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Malaria severity not determined solely by parasite levels in blood


NIH-funded study in tanzanian infants tracked risk of severe malaria over time


Although malaria kills some 600,000 African children each year, most cases of the mosquito-borne parasitic disease in children are mild. Repeated infection does generate some immunity, and episodes of severe malaria are unusual once a child reaches age 5. However, the relative contributions of such factors as the level of malaria-causing parasites in a person's blood—parasite density—to disease severity and to development of protective immunity are not well understood.

To clarify these issues, researchers from the United States and Tanzania regularly examined 882 Tanzanian children beginning at birth and continuing for an average of two years. No simple relationship between parasite density and malaria severity emerged.

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For example, 253 children had a total of 444 infections characterized by high parasite density and mild symptoms. Of the 102 children who did develop severe malaria at least once while enrolled in the study, almost two-thirds (67) had high parasite density but only mild disease either before or after the episode of severe malaria. Moreover, data from this study suggest that one or two mild episodes of malaria are not sufficient to eliminate the risk of severe malaria; a finding contrary to predictions made by some mathematical models.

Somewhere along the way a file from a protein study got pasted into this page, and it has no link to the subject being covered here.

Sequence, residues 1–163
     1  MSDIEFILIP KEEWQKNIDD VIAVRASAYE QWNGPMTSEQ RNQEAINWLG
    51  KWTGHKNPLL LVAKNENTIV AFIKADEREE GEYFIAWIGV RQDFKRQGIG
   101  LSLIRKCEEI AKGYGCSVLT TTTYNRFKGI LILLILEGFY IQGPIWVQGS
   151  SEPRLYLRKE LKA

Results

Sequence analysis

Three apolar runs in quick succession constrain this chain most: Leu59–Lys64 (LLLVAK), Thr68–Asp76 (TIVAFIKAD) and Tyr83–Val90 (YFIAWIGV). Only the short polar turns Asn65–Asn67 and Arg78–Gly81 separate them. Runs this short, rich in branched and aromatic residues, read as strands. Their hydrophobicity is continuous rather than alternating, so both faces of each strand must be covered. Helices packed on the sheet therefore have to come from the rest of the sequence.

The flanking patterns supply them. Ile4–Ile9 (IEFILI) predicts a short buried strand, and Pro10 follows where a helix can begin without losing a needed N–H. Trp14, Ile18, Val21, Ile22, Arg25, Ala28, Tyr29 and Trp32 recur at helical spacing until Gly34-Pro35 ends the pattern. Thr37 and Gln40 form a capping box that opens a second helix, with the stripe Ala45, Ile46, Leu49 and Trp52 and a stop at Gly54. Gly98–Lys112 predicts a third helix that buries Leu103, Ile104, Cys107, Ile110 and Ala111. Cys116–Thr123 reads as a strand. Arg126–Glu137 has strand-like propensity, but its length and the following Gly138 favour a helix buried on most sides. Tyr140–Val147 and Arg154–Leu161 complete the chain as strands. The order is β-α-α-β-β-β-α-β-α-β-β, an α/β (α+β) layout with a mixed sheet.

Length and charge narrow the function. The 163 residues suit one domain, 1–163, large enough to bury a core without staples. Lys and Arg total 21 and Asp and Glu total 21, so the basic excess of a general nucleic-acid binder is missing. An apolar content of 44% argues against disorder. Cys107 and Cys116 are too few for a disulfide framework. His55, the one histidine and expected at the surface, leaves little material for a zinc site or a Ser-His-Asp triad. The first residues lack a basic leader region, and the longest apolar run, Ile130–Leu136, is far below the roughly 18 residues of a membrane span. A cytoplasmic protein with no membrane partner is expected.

The researchers note that this prospective study is the first to provide direct evidence that severe malaria risk is stable over several infections. The findings suggest a new approach to malaria vaccine development based on naturally acquired immunity. Such a vaccine would prevent severe disease and death in children, without necessarily reducing exposure to the malaria parasite.

The research team was led by Patrick E. Duffy, M.D., of the National Institute of Allergy and Infectious Diseases (NIAID), part of the National Institutes of Health.


BP Gonçalves et al. Parasite burden and severity of malaria in Tanzanian children. NEJM DOI: 10.1056/NEJM 10.1056/NEJMoa1303944 (2014).


NIAID Director Anthony S. Fauci, M.D., is available to provide comment on this research. Dr. Duffy, Laboratory of Malaria Immunology and Vaccinology, NIAID, and corresponding author, is also available.



To schedule interviews, please contact Anne A. Oplinger, (301) 402-1663,

NIAID conducts and supports research—at NIH, throughout the United States, and worldwide—to study the causes of infectious and immune-mediated diseases, and to develop better means of preventing, diagnosing and treating these illnesses. News releases, fact sheets and other NIAID-related materials are available on the NIAID Web site at

About the National Institutes of Health (NIH): NIH, the nation's medical research agency, includes 27 Institutes and Centers and is a component of the U.S. Department of Health and Human Services. NIH is the primary federal agency conducting and supporting basic, clinical, and translational medical research, and is investigating the causes, treatments, and cures for both common and rare diseases. For more information about NIH and its programs, visit

Anne A. Oplinger | Eurek Alert!

Further reports about: Allergy Health Malaria NEJM NIAID NIH diseases immunity infections levels parasite

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